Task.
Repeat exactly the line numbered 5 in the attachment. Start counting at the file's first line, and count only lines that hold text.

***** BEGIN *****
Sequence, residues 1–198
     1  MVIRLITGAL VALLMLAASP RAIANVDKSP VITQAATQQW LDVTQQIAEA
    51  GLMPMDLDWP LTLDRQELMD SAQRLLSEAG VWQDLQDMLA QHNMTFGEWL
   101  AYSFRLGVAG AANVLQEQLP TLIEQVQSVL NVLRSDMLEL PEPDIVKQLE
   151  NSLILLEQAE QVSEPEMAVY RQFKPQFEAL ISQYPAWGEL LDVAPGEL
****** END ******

   151  NSLILLEQAE QVSEPEMAVY RQFKPQFEAL ISQYPAWGEL LDVAPGEL